Enzyme Explorer

Apolipoprotein



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Overview
Classification of Lipoproteins and the Systemic Pathway of Lipids
Apolipoprotein Classification, Properties and Function

Plasma & Blood Protein Resource


Apolipoprotein Classification, Properties and Function

Apolipoprotein Composition of Lipoproteins

  Chylomicron VLDL IDL LDL HDL
Apo-AI (29KD) X       X

Apo-AII (17.4KD) X       X

Apo-AIV (46KD) X       X

Apo-B48 (241KD) X        

Apo-B100 (513KD)   X X X X  

Apo-CI (7.6KD) X X X   X

Apo-CII (8.9KD) X X X   X

Apo-CIII (8.8KD) X X X   X

Apo-D (20KD)         X

Apo-E (34KD) X X X   X

Apo-H (50KD) X        

Apo(a) (300-800KD)       X  

Apolipoprotein AI (Apo-AI), A0722

Apo-AI comprises approximately 70% of the protein moiety in HDL. It is a single polypeptide chain consisting of 245 amino acids with glutamic acid as the C-terminal residue and aspartic acid as the N-terminal residue. The molecular weight is reported to be 28.3 kDa. The protein is made up of one major isoform (pI 5.6) and two minor isoforms (pI 5.53 and 5.46). Apo-AI shows a high content of α-helix structure. The amphipathic regions in the α-helix structure seem to be responsible for lipid binding capacity. In aqueous solution, Apo-AI shows self-association with minor conformation change. Apo-AI activates lecithin-cholesterol (LCAT) acyltransferase, which is responsible for cholesterol esterification in plasma.

Apo-AI levels in normal plasma are 90-130 mg/dl. Apo-AI levels may be inversely related to the risk of coronary disease.

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Apolipoprotein AII (Apo-AII), A0972

The function of Apo-AII is unclear. Apo-AII comprises 25% of Apo A in HDL. Apo-AII levels in normal plasma are 30-50 mg/dl.

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Apolipoprotein B (Apo-B), A5353

Apo-B levels correlate with the risk of coronary disease. Apo-B exists in human plasma in two isoforms, Apo-B48 and Apo-B100. Apo-B100 is the major physiological ligand for the LDL receptor. Apo-B100 is a large monomeric protein, containing 4536 amino acids (MW 515,000). Apo-B100 is synthesized in the liver and is required for the assembly of VLDL. It does not interchange between lipoprotein particles, as do the other apolipoproteins, and it is found in IDL and LDL after the removal of the Apo-A, E and C. Apo-B48 is present in chylomicrons and their remnants. It is essential for the intestinal absorption of dietary lipids.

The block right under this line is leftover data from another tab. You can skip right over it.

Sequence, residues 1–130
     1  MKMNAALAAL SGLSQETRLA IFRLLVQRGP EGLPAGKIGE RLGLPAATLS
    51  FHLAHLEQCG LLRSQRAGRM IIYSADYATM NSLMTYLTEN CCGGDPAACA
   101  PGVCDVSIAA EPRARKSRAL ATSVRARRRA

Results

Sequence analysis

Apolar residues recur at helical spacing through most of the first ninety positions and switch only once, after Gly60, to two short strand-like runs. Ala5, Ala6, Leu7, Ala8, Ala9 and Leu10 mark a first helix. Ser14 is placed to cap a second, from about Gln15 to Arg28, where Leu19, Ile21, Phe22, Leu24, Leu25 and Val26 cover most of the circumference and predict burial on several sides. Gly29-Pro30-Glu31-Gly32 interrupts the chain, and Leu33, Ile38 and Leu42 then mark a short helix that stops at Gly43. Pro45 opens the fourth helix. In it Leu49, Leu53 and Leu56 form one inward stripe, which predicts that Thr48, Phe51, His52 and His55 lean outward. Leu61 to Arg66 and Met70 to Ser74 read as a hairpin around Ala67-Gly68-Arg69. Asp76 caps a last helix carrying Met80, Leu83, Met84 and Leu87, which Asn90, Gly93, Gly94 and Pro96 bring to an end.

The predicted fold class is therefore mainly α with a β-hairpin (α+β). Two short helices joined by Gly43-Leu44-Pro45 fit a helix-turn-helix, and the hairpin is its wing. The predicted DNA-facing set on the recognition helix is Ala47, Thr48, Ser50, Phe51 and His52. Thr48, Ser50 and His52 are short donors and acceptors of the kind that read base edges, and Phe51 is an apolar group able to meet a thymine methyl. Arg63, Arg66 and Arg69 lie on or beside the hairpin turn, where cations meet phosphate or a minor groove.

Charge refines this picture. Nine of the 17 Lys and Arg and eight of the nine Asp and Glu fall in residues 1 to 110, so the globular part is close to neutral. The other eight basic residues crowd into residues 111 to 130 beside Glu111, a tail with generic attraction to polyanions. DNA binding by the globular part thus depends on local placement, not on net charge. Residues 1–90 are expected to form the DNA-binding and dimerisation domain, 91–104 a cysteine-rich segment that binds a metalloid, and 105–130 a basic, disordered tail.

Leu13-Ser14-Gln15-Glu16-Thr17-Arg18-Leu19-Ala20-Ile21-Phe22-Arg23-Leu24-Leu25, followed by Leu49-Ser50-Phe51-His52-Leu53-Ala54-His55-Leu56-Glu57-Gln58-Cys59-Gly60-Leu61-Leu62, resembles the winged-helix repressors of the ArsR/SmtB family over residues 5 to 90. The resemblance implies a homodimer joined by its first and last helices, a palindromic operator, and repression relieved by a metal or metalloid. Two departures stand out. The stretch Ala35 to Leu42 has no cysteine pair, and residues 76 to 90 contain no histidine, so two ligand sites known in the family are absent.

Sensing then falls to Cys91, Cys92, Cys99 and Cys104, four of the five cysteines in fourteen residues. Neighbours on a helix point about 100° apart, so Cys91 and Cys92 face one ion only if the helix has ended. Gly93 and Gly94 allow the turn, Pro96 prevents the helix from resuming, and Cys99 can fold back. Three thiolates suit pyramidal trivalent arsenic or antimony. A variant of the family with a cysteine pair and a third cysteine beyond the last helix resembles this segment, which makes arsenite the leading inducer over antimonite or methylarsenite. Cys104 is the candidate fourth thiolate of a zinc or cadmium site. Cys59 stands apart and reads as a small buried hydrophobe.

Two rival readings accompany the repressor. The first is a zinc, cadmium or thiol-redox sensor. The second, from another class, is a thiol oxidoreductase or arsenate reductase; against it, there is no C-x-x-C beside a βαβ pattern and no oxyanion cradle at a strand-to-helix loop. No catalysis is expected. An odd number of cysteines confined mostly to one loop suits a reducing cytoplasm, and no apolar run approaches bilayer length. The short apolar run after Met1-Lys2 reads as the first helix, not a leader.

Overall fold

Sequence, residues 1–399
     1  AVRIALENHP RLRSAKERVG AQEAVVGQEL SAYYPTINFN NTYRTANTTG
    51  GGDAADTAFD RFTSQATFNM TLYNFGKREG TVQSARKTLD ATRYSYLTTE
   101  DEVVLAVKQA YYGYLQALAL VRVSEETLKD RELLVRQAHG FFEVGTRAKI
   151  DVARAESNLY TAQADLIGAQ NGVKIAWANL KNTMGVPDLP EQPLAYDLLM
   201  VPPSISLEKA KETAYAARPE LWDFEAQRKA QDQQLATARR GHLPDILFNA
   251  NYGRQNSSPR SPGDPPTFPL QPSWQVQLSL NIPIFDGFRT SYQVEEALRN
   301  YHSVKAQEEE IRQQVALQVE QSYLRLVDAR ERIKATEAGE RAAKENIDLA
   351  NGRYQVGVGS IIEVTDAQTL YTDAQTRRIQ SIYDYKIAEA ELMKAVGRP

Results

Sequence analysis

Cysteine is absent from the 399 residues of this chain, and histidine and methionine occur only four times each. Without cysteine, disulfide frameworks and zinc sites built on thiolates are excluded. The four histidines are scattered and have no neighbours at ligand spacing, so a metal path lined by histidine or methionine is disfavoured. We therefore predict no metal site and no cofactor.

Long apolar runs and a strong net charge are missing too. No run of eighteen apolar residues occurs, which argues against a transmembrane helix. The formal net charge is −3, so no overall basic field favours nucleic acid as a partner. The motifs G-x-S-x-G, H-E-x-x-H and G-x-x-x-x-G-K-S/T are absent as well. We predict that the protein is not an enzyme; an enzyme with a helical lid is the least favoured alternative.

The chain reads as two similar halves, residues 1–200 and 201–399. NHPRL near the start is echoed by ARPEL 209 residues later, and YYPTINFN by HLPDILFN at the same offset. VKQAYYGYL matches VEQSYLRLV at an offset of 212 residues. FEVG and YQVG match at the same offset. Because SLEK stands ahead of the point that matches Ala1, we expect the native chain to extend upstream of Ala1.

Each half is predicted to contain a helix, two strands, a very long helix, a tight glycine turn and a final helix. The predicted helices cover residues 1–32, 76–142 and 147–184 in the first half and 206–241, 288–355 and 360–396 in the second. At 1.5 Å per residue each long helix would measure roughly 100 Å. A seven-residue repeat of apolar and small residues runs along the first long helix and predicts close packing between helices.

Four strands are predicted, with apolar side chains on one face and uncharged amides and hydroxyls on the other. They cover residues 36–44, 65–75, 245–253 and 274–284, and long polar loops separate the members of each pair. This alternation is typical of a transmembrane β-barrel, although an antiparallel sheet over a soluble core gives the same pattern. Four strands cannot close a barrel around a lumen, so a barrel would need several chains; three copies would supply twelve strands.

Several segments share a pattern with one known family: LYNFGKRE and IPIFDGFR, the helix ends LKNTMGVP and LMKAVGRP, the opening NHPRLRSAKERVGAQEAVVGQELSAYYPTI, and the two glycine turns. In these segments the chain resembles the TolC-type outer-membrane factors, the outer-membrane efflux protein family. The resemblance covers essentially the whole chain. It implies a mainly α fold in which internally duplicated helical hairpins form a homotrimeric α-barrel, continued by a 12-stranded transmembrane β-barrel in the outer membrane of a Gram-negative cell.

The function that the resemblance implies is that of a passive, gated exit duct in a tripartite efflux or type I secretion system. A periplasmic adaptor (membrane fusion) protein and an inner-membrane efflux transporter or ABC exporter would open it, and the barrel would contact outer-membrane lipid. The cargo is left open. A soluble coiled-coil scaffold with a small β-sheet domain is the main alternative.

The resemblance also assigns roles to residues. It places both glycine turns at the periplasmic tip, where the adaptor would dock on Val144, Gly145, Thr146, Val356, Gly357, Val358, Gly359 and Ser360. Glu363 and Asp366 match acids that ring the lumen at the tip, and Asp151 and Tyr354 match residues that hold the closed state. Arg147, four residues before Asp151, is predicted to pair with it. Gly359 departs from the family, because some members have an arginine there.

Apo-B48 is synthesized in the small intestine. It comprises approximately half of the N-terminal region of Apo-B100 and is the result of posttranscriptional mRNA editing by a stop codon in the intestine not found in the liver. The concentration of Apo-B in normal plasma is ~90 mg/dl.

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Apolipoprotein CI (Apo-CI), A7785

Apo-CI has been found to activate LCAT. The normal plasma concentration of Apo-CI is 4-7 mg/dl and the MW is 6,600.

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Apolipoprotein CII (Apo-CII), A7910

Apo-CII activates lipoprotein lipase. The normal plasma concentration of Apo-CII is 3-8 mg/dl. The MW is MW 8,800. Lipoprotein Lipase hydrolyzes fatty acids from triacylglycerols in chylomicrons.

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Apolipoprotein CIII (Apo-CIII)

The normal plasma concentration of Apo-CIII is 8-15 mg/dl. The MW is 8,750. The physiological role of Apo-CIII is unclear. It may inhibit the activation of lipoprotein lipase by Apo-CII.

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Apolipoprotein D (Apo-D)

Apo-D is a 29-kDa glycoprotein primarily associated with HDL. Apo-D has been found to bind cholesterol, progesterone, pregnenolone, bilirubin and arachidonic acid. However it has not been confirmed which of these may be natural ligands. Accumulation of Apo-D may be associated with increased risk of breast cancer and Alzheimer's disease.